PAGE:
People who turned toward their partners in the study responded by engaging the bidder, showing interest and support in the bid. Those who didn’t, those who turned away, would not respond or responded minimally and continued doing whatever they were doing (watching TV, reading the paper).
Couples who had divorced after a six year follow-up had “turned-toward bids” only 33% of the time. Only three in ten of their bids for emotional connection were met. The couples who were still together after six years had “turned-toward bids” 87% of the time. Nine times out of ten, they were meeting their partner’s emotional needs.
Finally, Gottman can predict with 94% certainly whether couples will stay together by looking at the types of interactions couples bring to the relationship and the spirit of these interactions. Gottman looks at kindness and generosity or contempt, criticism and hostility. The masters have a way to scan their environment, looking for things they can appreciate and say thank you for. They work towards building the culture of respect and appreciation very deliberately. Disasters are scanning the environment to look for their partner’s mistakes, not only checking out the environment but checking out the partner, looking for what the partner is doing right and respecting him and expressing appreciation or for what he is doing wrong and criticizing him.
In our next issue, I will talk about the way to work on developing this “kindness” muscle with your partner, and how to pick out the positive traits in your relationship and with your partner. In the meantime, pay attention to your response to your partner’s “bids” for emotional connecting. Observe whether you are “turning towards your partner” or “turning away from your partner”. Perhaps if you and your partner already have a good ratio of “turning towards” each other, you may already have developed the culture of kindness and generosity in your relationship. If not, perhaps becoming aware of optional behaviors can help you move in that direction.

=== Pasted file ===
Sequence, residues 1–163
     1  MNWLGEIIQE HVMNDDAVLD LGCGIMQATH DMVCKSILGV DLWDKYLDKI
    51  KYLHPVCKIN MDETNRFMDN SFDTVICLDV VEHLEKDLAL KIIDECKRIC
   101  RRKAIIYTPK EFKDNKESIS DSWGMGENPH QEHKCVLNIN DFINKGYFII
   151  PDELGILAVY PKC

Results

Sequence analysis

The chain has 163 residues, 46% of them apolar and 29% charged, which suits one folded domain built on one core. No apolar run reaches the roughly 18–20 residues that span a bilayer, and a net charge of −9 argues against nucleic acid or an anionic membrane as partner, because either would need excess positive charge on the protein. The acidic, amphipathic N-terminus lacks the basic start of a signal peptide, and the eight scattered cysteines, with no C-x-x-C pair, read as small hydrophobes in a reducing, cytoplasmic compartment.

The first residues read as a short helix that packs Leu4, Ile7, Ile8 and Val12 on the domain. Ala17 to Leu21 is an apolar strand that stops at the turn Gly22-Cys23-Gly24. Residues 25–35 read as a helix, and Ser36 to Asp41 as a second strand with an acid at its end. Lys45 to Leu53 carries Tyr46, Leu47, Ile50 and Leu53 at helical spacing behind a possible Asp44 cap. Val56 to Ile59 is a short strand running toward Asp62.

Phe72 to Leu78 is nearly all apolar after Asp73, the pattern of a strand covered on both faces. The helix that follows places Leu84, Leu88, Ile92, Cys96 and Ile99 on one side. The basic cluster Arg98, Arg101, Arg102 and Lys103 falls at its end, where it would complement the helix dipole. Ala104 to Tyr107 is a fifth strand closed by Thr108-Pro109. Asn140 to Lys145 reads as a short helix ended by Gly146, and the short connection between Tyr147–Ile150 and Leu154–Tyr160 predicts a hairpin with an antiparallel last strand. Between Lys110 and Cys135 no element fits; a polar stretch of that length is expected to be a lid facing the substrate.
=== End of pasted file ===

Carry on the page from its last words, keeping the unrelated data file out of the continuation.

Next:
Marcarelli, R. (2014, Nov 11). Relationships last when both partners have these two traits. Retrieved from www.hngn.com/home/news/services.
Ty Tashiro. (2014). The Science of happily ever after. Ontaria: Harlequin Enterprises.Tags: Gottman, Relationships, Turning Toward
ABOUT THE AUTHOR
Licensed Independent Clinical Social Worker
Licensed Independent Mental Health Practitioner
- Janie Pfeifer Watson, LICSW, is the founder and director of Wholeness Healing Center, a mental health practice in Grand Island, Nebraska with remote sites in Broken Bow and Kearney. Her expertise encompasses a broad range of areas, including depression, anxiety, attachment and bonding, coaching, couples work, mindfulness, trauma, and grief. She views therapy as an opportunity to learn more about yourself as you step more into being your authentic self. From her perspective this is part of the spiritual journey; on this journey, she serves as a mirror for her clients as they get to know themselves—and, ultimately, to love themselves.